The Tamarack tree is a deciduous conifer that resembles other evergreens. It's pale green needles are soft and very short and grow in brush-like tufts on small knobs that grow along each branch. When the cold of autumn arrives, these pale green needles turn a beautiful golden color. These golden trees then dot the forest of evergreens with a beautiful, autumnal golden color. The tamarack stand in striking contrast to the other foliage of fall.
Fallen or dead-standing tamarack trees are highly sought after by gatherers of wood for fires. It's quality and duration make it one of the best for cutting and taking to valley homes for wood stoves or fireplaces. This tree is also useful for food and medicine. The tender shoots of spring cn be eaten when boiled and the inner bark of the tamarack tree can be scraped, dried, and ground into a flour. A gummy sap as sweet as maple syrup is also a quality of this tree and the sap can be chewed as gum.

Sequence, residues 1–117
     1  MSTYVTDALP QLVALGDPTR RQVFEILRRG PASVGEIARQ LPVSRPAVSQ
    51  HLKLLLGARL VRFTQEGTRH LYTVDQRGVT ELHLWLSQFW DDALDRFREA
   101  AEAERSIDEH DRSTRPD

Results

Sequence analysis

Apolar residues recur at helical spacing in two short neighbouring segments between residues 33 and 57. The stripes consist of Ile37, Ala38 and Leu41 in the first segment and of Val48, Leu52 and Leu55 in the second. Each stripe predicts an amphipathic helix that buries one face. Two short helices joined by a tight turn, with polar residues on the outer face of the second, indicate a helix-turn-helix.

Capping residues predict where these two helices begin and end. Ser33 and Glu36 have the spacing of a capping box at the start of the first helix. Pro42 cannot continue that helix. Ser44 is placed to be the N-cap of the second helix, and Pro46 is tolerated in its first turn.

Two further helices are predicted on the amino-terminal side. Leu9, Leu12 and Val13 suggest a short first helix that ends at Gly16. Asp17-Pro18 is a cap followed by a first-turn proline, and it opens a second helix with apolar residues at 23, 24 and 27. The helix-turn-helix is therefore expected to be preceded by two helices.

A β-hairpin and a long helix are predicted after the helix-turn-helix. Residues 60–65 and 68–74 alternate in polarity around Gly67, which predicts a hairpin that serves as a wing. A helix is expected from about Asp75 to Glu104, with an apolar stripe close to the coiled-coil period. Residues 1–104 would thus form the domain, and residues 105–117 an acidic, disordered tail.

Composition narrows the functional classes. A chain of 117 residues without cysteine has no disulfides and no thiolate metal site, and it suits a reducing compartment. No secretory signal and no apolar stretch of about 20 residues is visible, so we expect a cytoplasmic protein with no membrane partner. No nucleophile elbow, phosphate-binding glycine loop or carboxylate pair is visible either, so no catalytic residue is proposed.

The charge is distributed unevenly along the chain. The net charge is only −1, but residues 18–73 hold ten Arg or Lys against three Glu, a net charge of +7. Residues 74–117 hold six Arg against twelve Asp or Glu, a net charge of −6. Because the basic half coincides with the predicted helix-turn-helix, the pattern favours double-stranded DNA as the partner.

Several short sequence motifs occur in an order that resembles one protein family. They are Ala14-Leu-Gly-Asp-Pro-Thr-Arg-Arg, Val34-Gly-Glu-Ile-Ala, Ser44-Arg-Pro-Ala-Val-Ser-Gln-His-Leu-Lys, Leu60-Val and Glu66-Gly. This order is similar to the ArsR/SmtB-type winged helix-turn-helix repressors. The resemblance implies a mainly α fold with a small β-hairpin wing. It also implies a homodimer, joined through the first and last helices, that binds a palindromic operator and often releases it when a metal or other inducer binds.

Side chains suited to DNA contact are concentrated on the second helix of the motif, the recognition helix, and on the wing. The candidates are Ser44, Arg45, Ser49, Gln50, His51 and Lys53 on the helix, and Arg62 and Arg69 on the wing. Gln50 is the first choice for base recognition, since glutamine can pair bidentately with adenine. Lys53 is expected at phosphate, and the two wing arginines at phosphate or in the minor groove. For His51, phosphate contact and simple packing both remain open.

Native Americans and herbalists say that the tamarack bark is useful as a laxative, a tonic and diuretic, and for rheumatism and skin problems. If gargled, it is said to ease the pain of a sore throat. Poultices made from tamarack's inner bark can be used on sores, swellings, and burns, or to ease a headache. Tamarack tea is an astringent and is useful for many purposes.
The tamarack shown is this photo stands guard by the front door of the cabin where we can enjoy it's beauty as it changes with the seasons.